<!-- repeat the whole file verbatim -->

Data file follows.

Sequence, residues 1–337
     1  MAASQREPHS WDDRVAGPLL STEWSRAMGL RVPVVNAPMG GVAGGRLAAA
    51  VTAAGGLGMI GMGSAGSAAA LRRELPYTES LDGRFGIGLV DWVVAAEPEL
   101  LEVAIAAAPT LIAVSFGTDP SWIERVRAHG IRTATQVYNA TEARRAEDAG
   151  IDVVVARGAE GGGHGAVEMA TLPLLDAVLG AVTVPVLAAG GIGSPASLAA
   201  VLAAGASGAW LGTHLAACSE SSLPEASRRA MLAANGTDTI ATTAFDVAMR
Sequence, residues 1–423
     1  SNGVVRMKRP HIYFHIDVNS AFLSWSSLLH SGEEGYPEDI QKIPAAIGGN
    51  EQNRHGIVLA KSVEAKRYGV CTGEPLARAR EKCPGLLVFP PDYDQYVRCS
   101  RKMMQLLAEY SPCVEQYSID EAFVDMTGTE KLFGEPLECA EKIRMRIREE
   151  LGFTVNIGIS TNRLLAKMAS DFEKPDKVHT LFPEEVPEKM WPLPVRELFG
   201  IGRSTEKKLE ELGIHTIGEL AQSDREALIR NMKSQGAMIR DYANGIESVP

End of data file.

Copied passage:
Sequence, residues 1–337
     1  MAASQREPHS WDDRVAGPLL STEWSRAMGL RVPVVNAPMG GVAGGRLAAA
    51  VTAAGGLGMI GMGSAGSAAA LRRELPYTES LDGRFGIGLV DWVVAAEPEL
   101  LEVAIAAAPT LIAVSFGTDP SWIERVRAHG IRTATQVYNA TEARRAEDAG
   151  IDVVVARGAE GGGHGAVEMA TLPLLDAVLG AVTVPVLAAG GIGSPASLAA
   201  VLAAGASGAW LGTHLAACSE SSLPEASRRA MLAANGTDTI ATTAFDVAMR
Sequence, residues 1–423
     1  SNGVVRMKRP HIYFHIDVNS AFLSWSSLLH SGEEGYPEDI QKIPAAIGGN
    51  EQNRHGIVLA KSVEAKRYGV CTGEPLARAR EKCPGLLVFP PDYDQYVRCS
   101  RKMMQLLAEY SPCVEQYSID EAFVDMTGTE KLFGEPLECA EKIRMRIREE
   151  LGFTVNIGIS TNRLLAKMAS DFEKPDKVHT LFPEEVPEKM WPLPVRELFG
   201  IGRSTEKKLE ELGIHTIGEL AQSDREALIR NMKSQGAMIR DYANGIESVP